Lahemaa National Park

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The view when we got off at the Loksa Tee bus stop.

We don’t have a car in Tallinn, but we managed to use the local bus system to get to Lahemaa National Park for a five-hour hike through boreal forest and bog. It was gorgeous (see below), filled with fantastic wildlife and tons of edible blueberries that yes, you’re allowed to collect. It seems like Estonians view the land through a practical lens, and the mantra of “don’t take more than you need and it’s fine” is the rule here. That being said, DON’T eat anything unless you can positively identify it.

If you’re looking to do the same hike, use Google Maps to find public transit directions to the stop “Loksa Tee” pictured below. The hike will start just east of the bus stop:

Now, motivation for you to go:

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Wood planks form a narrow trail through the wetter, boggier parts of the hike.
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A European Peacock butterfly (Aglais io) perches on purple heather (Calluna) – we last saw this in New Zealand, where it was invasive.
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The little mushroom that could #1.
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The little mushroom that could #2.
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A dense bed of lichens (light yellow) grow on the forest floor here in Lahemaa.
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What I suspect are cowberries, but I wasn’t sure so I didn’t eat any of them.
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An interesting leather-like foliose lichens grows among moss on the forest floor.
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Be yourself, tree. Be yourself.
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Putative chanterelles. We encountered a few women in the park collecting ‘gribui’, or mushrooms, mostly of the chanterelle variety.
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A resting point along the path. You can supposedly take this trail all the way to the sea, but that’s several days of hiking.
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A patch of mushrooms among the moss and decaying pine needles.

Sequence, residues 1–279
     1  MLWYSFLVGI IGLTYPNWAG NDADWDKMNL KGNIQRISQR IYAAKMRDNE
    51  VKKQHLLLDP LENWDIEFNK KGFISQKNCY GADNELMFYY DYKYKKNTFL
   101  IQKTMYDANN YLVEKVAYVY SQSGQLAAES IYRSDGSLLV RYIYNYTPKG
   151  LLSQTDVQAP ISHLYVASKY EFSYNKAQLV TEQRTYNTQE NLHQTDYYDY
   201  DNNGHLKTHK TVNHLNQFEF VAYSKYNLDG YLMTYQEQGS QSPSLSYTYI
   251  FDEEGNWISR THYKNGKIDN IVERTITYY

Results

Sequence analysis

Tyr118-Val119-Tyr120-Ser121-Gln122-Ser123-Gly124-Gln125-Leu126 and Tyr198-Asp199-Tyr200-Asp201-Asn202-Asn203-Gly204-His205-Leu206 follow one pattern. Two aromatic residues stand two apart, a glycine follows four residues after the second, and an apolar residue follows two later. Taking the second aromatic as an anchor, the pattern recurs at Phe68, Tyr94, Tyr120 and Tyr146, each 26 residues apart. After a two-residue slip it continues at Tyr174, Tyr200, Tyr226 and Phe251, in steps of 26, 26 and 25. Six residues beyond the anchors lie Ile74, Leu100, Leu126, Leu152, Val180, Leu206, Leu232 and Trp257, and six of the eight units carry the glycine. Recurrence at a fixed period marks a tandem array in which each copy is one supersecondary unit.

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An Alder Moth caterpllar (Acronicta alni) munches on summer’s bounty.
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Fresh wild blueberries hide among the foliage. They’re delicious.
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A salticid in a patch of grass.
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Pine trees grow at the edge of a bog pool. The water here takes on a dark brown hue due to tannins seeping out of the dead plant material beneath. The same thing happens in your tea.
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A lone tree grows on an island in the bog.
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Fruticose lichens growing on the forest floor.
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A polypore fruiting body grows from a fallen tree.
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The color of moss.
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The caterpillar of an Emperor Moth (Saturnia) hangs out between planks along the trail.
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Lengthening shadows in the forest.

And just for you, here’s a panoramic shot – click through to enlarge:

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Made possible by Google Photos.

Tallinn

IMG_4119 Estonia’s capital Tallinn is a city caught between two worlds: the city’s old town is a quintessential old European city, with red tile roofs and narrow cobblestone roads. As a port on the Baltic, the old town is daily inundated with throngs of tourists fresh from cruise ships, eager for local food, learning, photo opportunities and cheap souvenirs. The Estonians abide, with souvenir shops, Medieval punch-and-judy shows, and tours around the zig-zagging streets. The only hope of seeing the Tallinn’s old town peacefully is to come early in the morning or on a low day (you can check here).

Beyond Tallinn’s old town lies a fascinating cocktail of architecture from concrete Soviet apartment blocks to modern glass-shrouded malls. Estonia was part of the Soviet Union from 1944 to 1989, and many people here speak Russian as a second or even first language (use of the Estonian language was discouraged under Soviet rule). But today a growing number of Estonians speak English as their second language, and the country has some of the highest scores for Economic Integrity and a burgeoning technology sector (ever heard of Skype?). But Tallinn still feels like a place caught between two worlds – not quite Soviet, but not quite Baltic.

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